Best Practices for Professional Coaches

All SCM Certified Coaches, as well as coaches who receive certificates of completion, are required to pledge to uphold the following best practices.


Part I. Coaching Professionalism Best Practices:

1. Professional coaches can clearly articulate what is and is not coaching, and never call other services coaching  (such as consulting, training, seminar leading, counseling, therapy, internet marketing, sales, bill collection; or financial, legal, health, or spiritual advice, etc.). Definitions of professional coaching include:
- School of Coaching Mastery (SCM) definition of coaching: Coaching is a customized conversation that leads to personal growth and empowers the client to get what they want by thinking and acting more resourcefully.
2. Professional coaches are trained in professional coaching skills.
3. Professional coaches get reputable coach certifications and keep their credentials current. As time passes, they keep their skills up-to-date by working toward more advanced certifications.
4. Professional coaches are life-long learners who stay abreast of new practices in coaching and new research in related fields, including any other areas in which they claim expertise, through additional trainings and seminars, formal degree programs, experiential learning, books, and other learning modes and media.
5. Professional coaches practice excellent self-care, so they can consistently give their best to their clients.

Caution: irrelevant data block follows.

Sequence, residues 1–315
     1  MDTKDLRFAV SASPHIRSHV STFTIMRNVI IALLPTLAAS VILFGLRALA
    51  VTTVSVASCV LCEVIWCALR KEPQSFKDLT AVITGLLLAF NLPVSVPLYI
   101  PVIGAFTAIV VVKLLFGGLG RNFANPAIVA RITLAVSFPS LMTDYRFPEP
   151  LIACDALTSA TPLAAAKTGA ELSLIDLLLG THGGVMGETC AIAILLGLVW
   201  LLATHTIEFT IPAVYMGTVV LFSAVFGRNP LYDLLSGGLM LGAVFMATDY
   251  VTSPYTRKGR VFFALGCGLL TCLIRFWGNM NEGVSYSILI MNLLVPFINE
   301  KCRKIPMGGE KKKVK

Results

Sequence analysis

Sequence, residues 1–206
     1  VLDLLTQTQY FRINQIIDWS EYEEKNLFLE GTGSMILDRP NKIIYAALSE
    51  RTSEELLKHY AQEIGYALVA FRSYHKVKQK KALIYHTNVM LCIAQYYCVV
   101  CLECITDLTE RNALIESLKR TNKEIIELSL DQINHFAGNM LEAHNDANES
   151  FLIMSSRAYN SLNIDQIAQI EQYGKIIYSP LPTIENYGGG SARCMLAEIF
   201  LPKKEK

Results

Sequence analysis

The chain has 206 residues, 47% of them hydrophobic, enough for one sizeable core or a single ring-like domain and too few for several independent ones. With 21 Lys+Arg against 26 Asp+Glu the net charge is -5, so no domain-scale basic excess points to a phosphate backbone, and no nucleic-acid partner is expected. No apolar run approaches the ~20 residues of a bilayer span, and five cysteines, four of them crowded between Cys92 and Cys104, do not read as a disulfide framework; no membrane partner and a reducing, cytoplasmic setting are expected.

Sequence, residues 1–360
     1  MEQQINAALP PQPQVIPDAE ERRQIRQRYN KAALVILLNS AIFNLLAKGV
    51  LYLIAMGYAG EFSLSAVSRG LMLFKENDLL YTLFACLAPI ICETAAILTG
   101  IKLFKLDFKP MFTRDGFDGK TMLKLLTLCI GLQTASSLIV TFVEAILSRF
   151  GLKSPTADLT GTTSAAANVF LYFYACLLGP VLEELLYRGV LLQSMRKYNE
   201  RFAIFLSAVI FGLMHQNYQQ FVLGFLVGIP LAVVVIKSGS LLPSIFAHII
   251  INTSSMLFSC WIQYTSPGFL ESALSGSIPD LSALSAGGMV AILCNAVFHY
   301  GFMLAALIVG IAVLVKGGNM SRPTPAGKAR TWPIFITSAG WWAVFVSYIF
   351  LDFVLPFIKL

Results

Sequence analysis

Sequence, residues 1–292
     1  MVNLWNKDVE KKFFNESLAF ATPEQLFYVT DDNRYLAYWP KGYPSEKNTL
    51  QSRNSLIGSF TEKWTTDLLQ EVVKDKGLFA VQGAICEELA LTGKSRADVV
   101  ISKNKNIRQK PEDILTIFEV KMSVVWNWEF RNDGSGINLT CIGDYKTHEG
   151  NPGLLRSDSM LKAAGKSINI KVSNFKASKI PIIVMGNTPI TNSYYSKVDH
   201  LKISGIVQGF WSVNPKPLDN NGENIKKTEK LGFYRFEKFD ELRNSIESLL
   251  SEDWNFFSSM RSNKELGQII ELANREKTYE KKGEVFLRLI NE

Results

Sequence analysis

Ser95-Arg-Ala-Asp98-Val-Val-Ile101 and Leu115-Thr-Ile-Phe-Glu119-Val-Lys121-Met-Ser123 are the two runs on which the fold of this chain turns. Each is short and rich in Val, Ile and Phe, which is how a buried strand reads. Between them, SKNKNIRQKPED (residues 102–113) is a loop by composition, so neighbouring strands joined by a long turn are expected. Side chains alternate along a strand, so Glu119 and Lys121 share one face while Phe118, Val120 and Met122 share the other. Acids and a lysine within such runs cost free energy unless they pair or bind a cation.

6. Professional coaches work consistently to upgrade their personal development, knowing that personal development is a must for good coaching and that it tends to degrade if not regularly enhanced.
7. Professional coaches hire coaches of their own, especially in their early years of coaching, but also throughout their careers, because it enhances personal growth, reminds the coach what being a client is like, and provides ideas for upgrading their own skills and services.
8. Professional coaches store confidential client records carefully using locks, encryptions, firewalls, etc. and save records for at least ten years.
9. Professional coaches take ethical pledges via professional associations, such as IAPPC, IAC, and ICF, or training organizations, such as SCM, and do their best to uphold those pledges.
10. Professional coaches avoid confusing or misleading others about the nature of coaching, or the nature of the services they offer, whether through conversations, writings, marketing, or any other format.